Zabresky v. Von Schmeling et al

Filing 123

MEMORANDUM (Order to follow as separate docket entry).Signed by Honorable Malachy E Mannion on 10/9/13. (bs)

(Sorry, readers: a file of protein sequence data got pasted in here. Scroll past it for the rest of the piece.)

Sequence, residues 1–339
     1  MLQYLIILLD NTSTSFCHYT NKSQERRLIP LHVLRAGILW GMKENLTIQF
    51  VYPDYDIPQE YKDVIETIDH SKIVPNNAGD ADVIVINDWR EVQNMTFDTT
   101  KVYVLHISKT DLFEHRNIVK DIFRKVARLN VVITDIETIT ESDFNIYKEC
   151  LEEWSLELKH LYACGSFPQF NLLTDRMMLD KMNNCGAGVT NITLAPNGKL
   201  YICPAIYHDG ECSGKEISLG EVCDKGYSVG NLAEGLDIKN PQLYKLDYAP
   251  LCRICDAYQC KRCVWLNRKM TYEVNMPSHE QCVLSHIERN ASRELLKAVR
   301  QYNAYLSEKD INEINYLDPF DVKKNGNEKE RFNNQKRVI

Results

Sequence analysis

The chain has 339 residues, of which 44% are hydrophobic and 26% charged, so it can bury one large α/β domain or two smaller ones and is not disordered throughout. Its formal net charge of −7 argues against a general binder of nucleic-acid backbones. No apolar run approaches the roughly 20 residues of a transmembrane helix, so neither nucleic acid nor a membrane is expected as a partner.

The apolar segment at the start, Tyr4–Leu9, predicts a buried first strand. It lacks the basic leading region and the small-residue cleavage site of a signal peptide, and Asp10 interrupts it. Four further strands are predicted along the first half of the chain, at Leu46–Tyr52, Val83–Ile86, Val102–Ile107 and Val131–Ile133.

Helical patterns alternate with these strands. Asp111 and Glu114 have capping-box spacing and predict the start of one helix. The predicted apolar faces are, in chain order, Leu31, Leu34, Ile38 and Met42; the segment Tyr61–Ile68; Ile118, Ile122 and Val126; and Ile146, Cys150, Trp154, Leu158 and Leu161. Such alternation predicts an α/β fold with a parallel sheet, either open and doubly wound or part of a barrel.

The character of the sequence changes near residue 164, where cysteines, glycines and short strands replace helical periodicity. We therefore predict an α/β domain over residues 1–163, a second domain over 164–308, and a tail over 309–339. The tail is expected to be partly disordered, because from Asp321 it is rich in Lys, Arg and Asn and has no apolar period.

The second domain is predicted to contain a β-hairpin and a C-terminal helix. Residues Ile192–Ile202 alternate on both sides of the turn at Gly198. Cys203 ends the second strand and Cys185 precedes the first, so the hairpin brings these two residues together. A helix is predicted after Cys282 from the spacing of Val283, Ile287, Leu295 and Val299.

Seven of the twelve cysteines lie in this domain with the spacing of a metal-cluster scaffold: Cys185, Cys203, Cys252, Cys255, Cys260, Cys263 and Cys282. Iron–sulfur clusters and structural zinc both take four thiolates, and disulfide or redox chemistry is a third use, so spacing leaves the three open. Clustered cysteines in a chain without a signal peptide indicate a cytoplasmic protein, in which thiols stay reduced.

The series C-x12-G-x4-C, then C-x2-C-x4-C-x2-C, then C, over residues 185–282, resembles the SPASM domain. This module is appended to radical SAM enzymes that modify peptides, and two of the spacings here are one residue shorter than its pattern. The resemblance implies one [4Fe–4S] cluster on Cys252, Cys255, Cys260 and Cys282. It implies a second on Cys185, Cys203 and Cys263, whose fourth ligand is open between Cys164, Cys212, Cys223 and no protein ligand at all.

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UNITED STATES DISTRICT COURT MIDDLE DISTRICT OF PENNSYLVANIA MICHAEL F. ZABRESKY, : Plaintiff : CIVIL ACTION NO. 3:12-0020 : (JUDGE MANNION) v. JULIANNE VON SCHMELING, et al., : : Defendants : MEMORANDUM Presently before the court is Defendant Juliane von Schmeling’s Motion for Summary Judgment brought pursuant to Fed. R. Civ. Pro. Rule 56. (Doc. No. 98). I. FACTUAL BACKGROUND In 1995, Defendant von Schmeling commenced child custody and support actions against the plaintiff, the father of her child, in the Court of Common Pleas of Luzerne County, Pennsylvania. (Doc. No. 38). In 2009, Defendant von Schmeling sought modification of the support order and a hearing was set for July 14, 2009. On July 6, 2009, the plaintiff alleges he filed a motion to continue the hearing. Though he claims the motion was accepted by the clerk of the court, it was not immediately docketed and was thereafter never granted. The plaintiff did not appear at the July 14, 2009, hearing. At the hearing Defendant von Schmeling presented her petition for modification and the Hearing Officer recommended that the plaintiff’s monthly child support payment be increased by $250.00 from $533.00 to $783.00. (Doc. No. 38; Doc. No. 47, Att. 2). The plaintiff filed exceptions to the Hearing Officer’s recommendation. On October 26, 2009, the Honorable Joseph Musto of the Court of Common Pleas for Luzerne County entered an order denying the plaintiff’s exceptions, affirming the recommendation, and setting the plaintiff’s monthly child support payment at $738.00. (Doc. No. 38; Doc. No. 47, Exh. C). On November 17, 2009, the plaintiff filed a motion for special relief and a stay which also sought to continue a contempt hearing scheduled for November 24, 2009. Judge Musto denied the request to continue the November 24, 2009, hearing but did not address the merits of the remainder of the motion. (Doc. No. 112, Exh. 16). At the November 24, 2009, hearing, Judge Musto found the plaintiff to be in contempt and placed him on probation for a period of six months. (Doc. No. 38, Exh. A). The plaintiff alleges that during the November 24, 2009, hearing he and his attorney attempted to clarify whether he was to pay $533.00 or $738.00 in monthly support while awaiting another scheduled hearing in which the plaintiff planned to dispute the modification. (Doc. No. 112, Exh. 16-17). The plaintiff alleges that Judge Musto told him and his counsel to pay $533.00. (Id.). The plaintiff includes a partial transcript from the hearing which does not contain 2 any statements by Judge Musto indicating a payment of $533.00 rather than the amount of $738.00 indicated in the court’s written order was allowed. (Doc. No. 38, Exh. A at 8-11). Just after the hearing, Defendant Eugene Duffy Jr., a probation officer, allegedly told the defendant that if he didn’t pay his child support, he would be arrested. (Id., ¶38) On December 4, 2009, Defendant von Schmeling contacted Defendants Michael Quinn, a court support officer, and John Davis, the Director of the Domestic Relations Section about when the plaintiff was required to pay the court ordered child support. (Doc. No. 112, Exh. 4). After speaking with Judge Musto, Defendant Davis contacted Defendant von Schmeling to inform her that if the plaintiff did not make a full payment to the court within 30 days of the order of November 24, 2009, a warrant would issue for his arrest. (Id.). Defendant Davis also communicated Judge Musto’s understanding of the order to Defendants Quinn and Duffy via email on December 8, 2009. (Id., Exh. 7). On December 21, 2009, the plaintiff allegedly called Defendant Quinn before mailing his child support payment to double-check the amount to be paid and that Defendant Quinn allegedly instructed him to pay $533.00 because that is what Judge Musto had stated at the hearing. (Id., Doc. No. 38, ¶41). That same day, the plaintiff submitted his child support payment in the amount of $533.00, $250.00 less than the actual court ordered amount. On 3 December 28, 2009, Defendant Duffy Jr. prepared a bench warrant for the plaintiff’s arrest because the child support payment was $250.00 short of the required amount. (Doc. No. 112, Exh. 2). The bench warrant was stamped “probation violation warrant” and indicates that it was issued because the plaintiff “failed to appear, after notice, before the Court for a scheduled conference and/or hearing.” Judge Clinton Smith signed the warrant that same day. (Doc. No. 48, Exh. D). Based on the PACSES docket entry, there were no hearings held between November 24 and December 28, 2009, however, that system and Defendant Duffy, Jr. both note the warrant was actually issued for non-payment of $250.00. (Doc. No. 112, Exh. 3, 10). The court order in place at the time of the arrest required the plaintiff to pay $783.00 per month. (Doc. No. 38, ¶30; Doc. No. 47, Exh. C). On January 7, 2010, Defendants Biscotto, Austin, Para and Tigue, all employees of the Luzerne County Domestic Relations Section, took the plaintiff into custody. These Defendants did not present the plaintiff with a copy of the warrant, but instructed him that he was being taken into custody because he had failed to pay child support. (Id., Exh. 16). The plaintiff was handcuffed and placed in the back of an unmarked car outside of a local restaurant. While in custody, the plaintiff was afforded the opportunity to speak briefly with his attorney and wife. The attorney spoke with Defendants Duffy, Jr. and Davis who each relayed that the plaintiff had failed to pay the correct 4 amount of support and that he had been arrested. The plaintiff asserted that he had been told to pay $533.00, not $738.00 as the defendants claim. During the plaintiff’s transportation to the courthouse, Defendant Tigue allegedly asked the plaintiff “what did you do to piss your ex off so much?” The Defendant then stated that he was referring to Defendant von Schmeling and that she had been “hounding” the Domestic Relations Section to arrest him. (Id.). Once at the courthouse, the plaintiff paid $250.00 at the Domestic Relations Section and was released. He was not taken before a judge, nor was he taken to jail. On January 8, 2010, the bench warrant was vacated. II. PROCEDURAL HISTORY On January 5, 2012, the plaintiff filed his original complaint. (Doc. No. 1). Pursuant to this court’s order dated April 26, 2012, (Doc. No. 26), the plaintiff filed an amended complaint on May 2, 2012. (Doc. No. 38). The plaintiff’s amended complaint comprises nine counts. After a motion to dismiss was ruled on by the court, only three claims remain against Defendant von Schmeling: (1) malicious prosecution, (2) intentional infliction of emotional distress, and (3) civil conspiracy. (Doc. No. 64). Defendant von Schmeling filed the instant motion for summary judgement on June 17, 2013, (Doc. No. 98), and the brief in support on July 2, 2013. (Doc. No. 102). Plaintiff filed his brief in opposition on July 30, 2013. (Doc. No. 112). 5 III. STANDARD OF REVIEW Summary judgment is appropriate if the “pleadings, depositions, answers to interrogatories, and admissions on file, together with the affidavits, if any, show that there is no genuine issue as to any material fact and that the moving party is entitled to judgment as a matter of law.” Fed. R. Civ. P. 56(c); see also Celotex Corp. v. Catrett, 477 U.S. 317, 322-23 (1986); Turner v. ScheringPlough Corp., 901 F.2d 335, 340 (3d Cir. 1990). A factual dispute is genuine if a reasonable jury could find for the non-moving party, and is material if it will affect the outcome of the trial under governing substantive law. Anderson v. Liberty Lobby, Inc., 477 U.S. 242, 248 (1986); Aetna Casualty & Sur. Co. v. Ericksen, 903 F. Supp. 836, 838 (M.D. Pa. 1995). At the summary judgment stage, “the judge’s function is not himself to weigh the evidence and determine the truth of the matter but to determine whether there is a genuine issue for trial.” Anderson, 477 U.S. at 249 ; see also Marino v. Indus. Crating Co., 358 F.3d 241, 247 (3d Cir. 2004) (a court may not weigh the evidence or make credibility determinations). Rather, the court must consider all evidence and inferences drawn therefrom in the light most favorable to the non-moving party. Andreoli v. Gates, 482 F.3d 641, 647 (3d Cir. 2007). To prevail on summary judgment, the moving party must affirmatively identify those portions of the record which demonstrate the absence of a genuine issue of material fact. Celotex, 477 U.S. at 323-24. The moving party 6 can discharge the burden by showing that “on all the essential elements of its case on which it bears the burden of proof at trial, no reasonable jury could find for the non-moving party.” In re Bressman, 327 F.3d 229, 238 (3d Cir. 2003); see also Celotex, 477 U.S. at 325. If the moving party meets this initial burden, the non-moving party “must do more than simply show that there is some metaphysical doubt as to material facts,” but must show sufficient evidence to support a jury verdict in its favor. Boyle v. County of Allegheny, 139 F.3d 386, 393 (3d Cir. 1998) (quoting Matsushita Elec. Indus. Co. v. Zenith Radio, 475 U.S. 574, 586 (1986)). However, if the non-moving party “fails to make a showing sufficient to establish the existence of an element essential to [the non-movant’s] case, and on which [the non-movant] will bear the burden of proof at trial,” Rule 56 mandates the entry of summary judgment because such a failure “necessarily renders all other facts immaterial.” Celotex Corp., 477 U.S. at 322-23; Jakimas v. Hoffman La Roche, Inc., 485 F.3d 770, 777 (3d Cir. 2007). IV. DISCUSSION As an initial note, the plaintiff points to many facts that are in dispute in this case to indicate why summary judgment is not appropriate. However, this court, in dealing with Defendant von Schmeling’s motion for summary judgment, must determine whether the “nonmoving party has failed to make 7 a sufficient showing on an essential element of the case with respect to which he or she has the burden of proof.” Penny v. Borough of Wildwood Crest, 28 F.Appx. 137, 138 (3d Cir. 2002)(citing Celotex, 477 U.S. at 323). When the nonmoving party fails to present proof concerning an essential element of a claim, all other facts, even if disputed, become immaterial and irrelevant. Id. A. Malicious Prosecution “A cause of action for malicious prosecution has three elements. The defendant must have instituted proceedings against the plaintiff 1) without probable cause, 2) with malice, and 3) the proceedings must have been terminated in favor of the plaintiff.” Kelley v. General Teamsters, Chauffeurs, and Helpers, Local Union 249, 544 A.2d 940, 941 (Pa. 1988). A private citizen can be liable for malicious prosecution, if she “procured the prosecution ... by giving knowingly false information to a public official that leads to the initiation of proceedings,” Pellegrino v. U.S. Transp. Sec. Admin., 855 F. Supp. 2d 343, 358 (E.D. Pa. 2012), or if her request, direction, or pressure “was the determining factor in the official’s decision to commence the prosecution.” Tomaskevitch v. Specialty Records Corp., 717 A.2d 30, 33 (Pa. Comm. Ct. 1998)(quoting Hess v. County of Lancaster, 514 A.2d 68, 683 (Pa. Comm. Ct. 1986))(emphasis added); see also Wiltz v. Middlesex County Office of Prosecutor, 249 F. App'x 944, 950 (3d Cir. 2007)(evaluating malicious prosecution claim against private defendants). 8 Plaintiff argues, without citing a case to support his position, that because the amount he owed on his child support payments is in dispute, summary judgment should be precluded. (Doc. No. 112, p.21-23). The plaintiff bears the burden of demonstrating there was a “lack of probable cause” for initiating the prosecution. Cosmas v. Bloomingdales Bros., Inc., 660 A.2d 83, 86 (Pa. Super. Ct. 1995). If there is probable cause, then the motive of the prosecuting agent, or any other individual involved, is immaterial. Corrigan v. Central Tax Bureau of Pa., Inc., 828 A.2d 502, 505 (Pa. Comm. Ct. 2003). When there are no material facts in dispute regarding the circumstances leading to an arrest and prosecution, “the court must say, as a matter of law, whether the facts proven show probable cause.” Randall v. Fenton Storage Co., 177 A. 575, 577 (Pa. 1935). There is no dispute that the court order in effect at the time of arrest required the plaintiff to pay $783.00, (Doc. No. 38, ¶30; Doc No. 47, Exh. C). The only issue is whether Judge Musto or Defendant Quinn communicated a different amount to the plaintiff. As such, these facts are “sufficient for an ordinary and prudent person to believe that” the plaintiff violated the court order by paying $533.00, establishing probable cause to initiate his prosecution for making a deficient payment. Id. “This is an absolute defense to malicious prosecution.” Id. at 506 (citing Turano v. Hunt, 631 A.2d 822, 824 (Pa. Comm. Ct. 1993)). Probable cause acts as a total bar to the claim and entitles Defendant von Schmeling to summary judgment. 9 The plaintiff also fails to show how the prior proceedings terminated in his favor. “One element that must be alleged and proved in a malicious prosecution actions is the termination of the prior criminal proceeding in favor of the accused.” Donahue v. Gavin, 280 F.3d 371, 383 (3d Cir. 2002)(quoting Heck v. Humphrey, 512 U.S. 477, 484 (1994))(applying Pennsylvania law). Such termination can be shown by: (1) a discharge by a magistrate at a preliminary hearing, (2) a grand jury’s refusal to indict, (3) the prosecutor’s formal abandonment of the proceedings, (4) the quashing of an indictment or information, (5) an acquittal, or (6) a final order in favor of the accused by a trial or appellate court. Id.(citing RESTATEMENT (SECOND) OF TORTS §659 (1976)). The plaintiff admits the court order required him to pay $783.00, (Doc. No. 38, ¶30), he payed $533.00 on December 21, 2009, (Doc. No. 112, Exh. 16), and he paid the $250.00 to be released from custody on January 7, 2010. (Id.) The plaintiff does not point to any evidence to indicate that he was able to successfully challenge the amount owed or point to any judicial proceedings that terminated in his favor related to this prosecution. Therefore, he has failed to present sufficient evidence on that element as well. Lastly, the evidence, viewed in the light most favorable to the plaintiff, is insufficient as a matter of Pennsylvania law to sustain a malicious prosecution claim. What amount the plaintiff believed he had to pay is not relevant to this evaluation. The question is whether Defendant von Schmeling, as a private 10 party, provided knowingly false information to procure a prosecution or her influence was the determining factor in the initiation of the prosecution. Tomaskevitch, 717 A.2d at 33. The plaintiff does not point to any evidence where Defendant von Schmeling knowingly provided false information to procure the prosecution. (Doc. No. 112, p.21-23). Therefore, this court’s determination of the issue depends whether her communications with the Luzerne County defendants were the determining factor in initiating the prosecution. In Tomaskevitch, the Commonwealth Court of Pennsylvania held that uncorroborated hearsay testimony that the defendant was “‘pushing’ for a prosecution of [the plaintiff]” was insufficient evidence to survive a motion for summary judgment when an independent actor made the decision to initiate the arrest and prosecution. 717 A.2d at 33 fn. 5. Here, the plaintiff does not contest that a warrant was issued for his arrest, that the order of the court required him to pay $783.00, or that he only paid $588.00. (Doc. No. 112, Exh. 15). What he does contest is whether the court gave him permission to pay less than that amount. He further contends that defendant Tigue informed the plaintiff he was being taken to jail because “Ms. von Schmeling was present daily at the offices of the Domestic Relations Section and was ‘hounding them to arrest [the plaintiff].’” (Doc. No. 112, Exh. 16). Lastly, he claims that Defendant Duffy, Jr. told him at the contempt hearing on November 24, 2009, that if he did not pay the correct amount, he 11 would be arrested. (Doc. No. 38, ¶37). Based on the plaintiff’s own exhibits and pleadings, Defendant Duffy, Jr. prepared the warrant and had it signed on December 28, 2009, after warning the plaintiff he would do so. (Id., Doc. No. 112, Exh. 3). Aside from the plaintiff’s affidavit, there is nothing in the record to indicate that Defendant von Schmeling hounded or harassed any of the other Luzerne County defendants for an arrest. The PACSES log indicates the call between Defendants Quinn, Davis, and von Schmeling on December 4 and 7, 2009, focused on what the court would do if the plaintiff did not pay, not what Ms. von Schmeling wanted or desired. (Doc. No. 112, Exh. 4). The PACSES log further shows that on December 4, 2009, Judge Musto had already determined that if the plaintiff did not pay the additional $250.00 by December 24, 2009, “a warrant would be issued for his arrest when the office reopens following the holidays.” (Id.). In his complaint, the plaintiff alleges that Defendants Quinn, Duffy, Davis arrested him because of the actions of his wife. Nothing attached to his brief in opposition to this motion for summary judgment, save for Defendant Tigue’s hearsay statement, supports that allegation. (Doc. No. 38, ¶101). Even adopting defendant Tigue’s statement, defendant Duffy, Jr. initiated the proceedings by placing a warrant into the system for the plaintiff’s arrest, warning the plaintiff a month prior of the consequences of non-payment. (Doc. No. 112, Exh. 3). There is nothing in this record to indicate he was influenced 12 by defendant von Schmeling. Based on Tomaskevitch, the uncorroborated hearsay statement is insufficient as a matter of law to demonstrate a material issue of fact between the parties. See 717 A.2d at 33 fn. 5 (“[U]ncorroborated hearsay testimony” that defendant “was ‘pushing’ for a prosecution” insufficient to raise material issue of fact in claim for malicious prosecution). For the foregoing reasons, Defendant von Schmeling is entitled to summary judgment on the malicious prosecution claim. B. Intentional Infliction of Emotional Distress The Pennsylvania Supreme Court has not yet recognized the tort of intentional infliction of emotional distress (“IIED”), but the Superior Court and the Third Circuit have both predicted that the Supreme Court would adopt the RESTATEMENT (SECOND) OF TORTS §46, which provides, “[o]ne who by extreme and outrageous conduct intentionally or recklessly causes severe emotional distress to another is subject to liability for such emotional distress.” Clark v. Township of Falls, 890 F.2d 611, 622-23 (3d Cir. 1989) (citing Kazatsky v. King David Mem’l Park, Inc., 515 Pa. 183 (1987)). Outrageous or extreme conduct is behavior so outrageous or so extreme as to go “beyond all possible bounds of decency, and to be regarded as atrocious, and utterly intolerable in civilized society.” Cox v. Keystone Carbon Co., 861 F.2d 390, 395 (3d Cir. 1988); Swisher v. Pitz, 868 A.2d 1228, 1230 (Pa.Super. 2005) (internal citation omitted). “Pennsylvania courts have found action for IIED to exist only in 13 limited circumstances, where the conduct is clearly outrageous.” Snyder v. Speciality Glass Products, Inc., 658 A.2d 366, 375 (Pa. Super. Ct. 1995)(citations omitted). The plaintiff argues, without citing a case in support of his argument, that the evidence and inferences drawn therefrom, viewed in the light most favorable to him, are sufficient to sustain a cause for IIED because of Defendant von Schmeling’s influence over the Luzerne County defendants. As previously stated, the plaintiff does not claim Defendant von Schmeling made any false statements that led to his prosecution, only that her “familiarity” with and “influence” over the Luzerne County defendants and other individuals, including a sitting judge, led to his arrest. (Doc. No. 112, p. 24). Even accepting the plaintiff’s contention that Defendant von Schmeling was “hounding” the Luzerne County defendants to make an arrest, she is entitled to summary judgment. The plaintiff’s brief and attached exhibits demonstrate that Defendant von Schmeling was an active participant in a contentious child support dispute. There is no evidence or allegation that she knowingly disseminated false information that led to the plaintiff’s arrest and prosecution. The plaintiff points to the “high level of contact” between the defendants as evidence of this extreme conduct, however, these exchanges alone do not rise to the requisite level of outrageous action required by Pennsylvania law. See Mills, 589 F.Supp. 2d at 558 (police officer’s false statements and actions 14 soliciting sex from plaintiff that led to arrest and prosecution for prostitution insufficient to sustain claim for IIED); Capresecco v. Jenkintown Borough, 261 F.Supp. 2d 319, 323 (E.D.Pa. 2003)(holding evidence that defendants actions, including (1) conspiring to deprive seriously ill plaintiff of job and medical benefits, (2) denying plaintiff’s opportunity for a hearing before termination, and (3) continuously interfering with plaintiff’s access to benefits, were insufficiently extreme or outrageous for the purposes of IIED). Communicating with the court officials and employees involved in her case and even “hounding” at least one court employee to arrest the plaintiff because of an admitted violation of a court order fail to meet this high standard. As a matter of law, Defendant von Schmeling is entitled to summary judgment. C. Civil Conspiracy Finally, the plaintiff states that summary judgment is inappropriate for the civil conspiracy claim because of the viability of the malicious prosecution and IIED claims. The plaintiff does not address whether the claim can survive on its own. Civil conspiracy requires the plaintiff to plead and prove an underlying tort occurred, “because the cause of action is wholly subordinate to the underlying tort’s existence.” Boyanowski v. Capital Area Intermediate Unit, 215 F.3d 396, 407 (3d Cir. 2000). “[A]bsent a civil cause of action for a particular act, there can be no cause of action for civil conspiracy to commit that act.” 15 Pelagatti v. Cohen, 536 A.2d 1337, 1342 (Pa. Super. Ct. 1987). As defendant von Schmeling is entitled to summary judgment on the underlying tort claims of malicious prosecution and IIED, the civil conspiracy claim cannot stand alone. Defendant von Schmeling is entitled to summary judgment on that claim as well. V. CONCLUSION For the foregoing reasons, the defendant von Schmeling’s motion for summary judgement is GRANTED. An appropriate order will follow. s/ Malachy E. Mannion MALACHY E. MANNION United States District Judge DATED: October 9, 2013 O:\Mannion\shared\MEMORANDA - DJ\2012 MEMORANDA\12-0020-03.wpd 16